Somewhere between Sampras and the Second Superstar Group?
Suppose we extrapolate with a generous, conservative estimate for three more near-dominant Djokovic years. Let’s say he wins one more Wimbledon title, one more U.S. Open title and two more Australian Open titles. That would give him 12 majors.
Twelve majors would also elevate him well above legends like Agassi, Ivan Lendl, Jimmy Connors, John McEnroe and Mats Wilander. They all won seven or eight majors but, except Agassi, all missed out on claiming either Wimbledon or the French Open.
Would 12 majors rank him as Bjorn Borg’s equal? Borg would probably get the nod for winning six French Open titles and five Wimbledon titles in an age that did not emphasize the Australian Open. Borg also won his majors in a briefer career, choosing not to battle for the top when he walked away at age 25.
Twelve majors would also leave him behind Sampras’ 14 majors in 18 finals, and Sampras was clearly the best player of his generation, including six straight years (1993-98) to end the year ranked No. 1.
Sampras, one of the most dominant players ever, did not win the French Open. Although conditions were different in his era, there was not the same pressure for him to win it at all costs. He just kept hauling in Wimbledon and U.S. Open titles. There was not a sense of failure hanging over Sampras’ inability to win the French Open. It’s been talked about far more after his playing days when tennis fans pick at his resume to compare exploits with Roger Federer and Nadal.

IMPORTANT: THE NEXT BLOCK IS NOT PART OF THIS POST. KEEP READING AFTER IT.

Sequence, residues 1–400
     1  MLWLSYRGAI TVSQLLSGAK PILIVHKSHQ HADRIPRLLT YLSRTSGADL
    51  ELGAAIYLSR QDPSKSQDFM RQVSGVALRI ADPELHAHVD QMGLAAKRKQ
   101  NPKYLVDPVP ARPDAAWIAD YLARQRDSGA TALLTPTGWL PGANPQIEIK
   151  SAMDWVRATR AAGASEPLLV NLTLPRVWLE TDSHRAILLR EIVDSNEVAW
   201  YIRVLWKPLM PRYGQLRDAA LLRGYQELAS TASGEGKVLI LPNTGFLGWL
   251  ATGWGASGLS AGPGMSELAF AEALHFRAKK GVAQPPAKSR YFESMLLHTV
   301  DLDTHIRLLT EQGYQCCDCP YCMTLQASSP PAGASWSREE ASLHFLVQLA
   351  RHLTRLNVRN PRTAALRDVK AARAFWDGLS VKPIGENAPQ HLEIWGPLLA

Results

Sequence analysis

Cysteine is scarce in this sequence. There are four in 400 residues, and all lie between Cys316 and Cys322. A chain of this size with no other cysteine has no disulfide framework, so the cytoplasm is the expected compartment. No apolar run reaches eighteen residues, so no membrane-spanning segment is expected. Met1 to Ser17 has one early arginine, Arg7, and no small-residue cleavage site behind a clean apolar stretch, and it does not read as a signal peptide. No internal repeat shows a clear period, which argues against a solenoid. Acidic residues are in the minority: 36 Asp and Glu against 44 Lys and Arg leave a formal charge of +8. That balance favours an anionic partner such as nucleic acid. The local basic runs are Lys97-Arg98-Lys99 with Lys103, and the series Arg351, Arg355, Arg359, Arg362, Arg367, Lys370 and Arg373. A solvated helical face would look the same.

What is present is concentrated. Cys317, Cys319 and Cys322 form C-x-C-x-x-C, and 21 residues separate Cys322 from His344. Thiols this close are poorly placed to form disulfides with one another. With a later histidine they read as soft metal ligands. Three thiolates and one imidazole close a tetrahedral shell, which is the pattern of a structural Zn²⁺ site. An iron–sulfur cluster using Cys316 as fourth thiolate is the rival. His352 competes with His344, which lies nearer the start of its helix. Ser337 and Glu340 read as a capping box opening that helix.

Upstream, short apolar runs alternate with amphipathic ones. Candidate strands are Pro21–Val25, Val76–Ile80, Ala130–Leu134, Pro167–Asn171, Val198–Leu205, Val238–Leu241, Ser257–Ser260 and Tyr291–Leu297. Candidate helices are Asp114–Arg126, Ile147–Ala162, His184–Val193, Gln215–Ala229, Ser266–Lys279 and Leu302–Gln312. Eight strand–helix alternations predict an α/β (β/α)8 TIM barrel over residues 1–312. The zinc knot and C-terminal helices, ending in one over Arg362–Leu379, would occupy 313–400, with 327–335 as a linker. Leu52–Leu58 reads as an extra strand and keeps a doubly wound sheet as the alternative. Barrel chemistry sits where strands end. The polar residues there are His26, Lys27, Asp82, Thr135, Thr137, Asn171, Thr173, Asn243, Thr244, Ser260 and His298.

In part because Djokovic is a greater clay-court player than Sampras, he does not have media relief from these discussions while he plays. His greatness is ironically a big reason why he is a victim of expectations. Many of his supporters have predicted and expected that he would dethrone Nadal, and Nadal supporters no doubt understand that their hero has been the biggest reason to keep Djokovic from this title.
Djokovic’s two greatest rivals have won the career Grand Slam, so the expectation is that Djokovic must do so as well, or he will likely not be esteemed as their equal.
There is also the Federer French Open title in 2009. Federer had to endure his own painful disappointments in losing French Open finals to Nadal, but he did seize his greatest opportunity and claim that title. If Djokovic cannot carve out a similar story at Roland Garros and hold up the Musketeers Cup, he will likely remain the third member of the Big Three.
Djokovic could go on and win six or eight more majors, but the absence of a Djokovic French Open title could be a cruel measuring stick from legacy observers.
They will point to his two revered rivals winning the career Grand Slam during Djokovic’s building years.
They might be the head waiter deciding not to grant him permission to be seated with the very greatest legends, ranking him at a forlorn table beside and below the Tennis Club Elite with Sampras, Federer, Nadal, Borg and Rod Laver.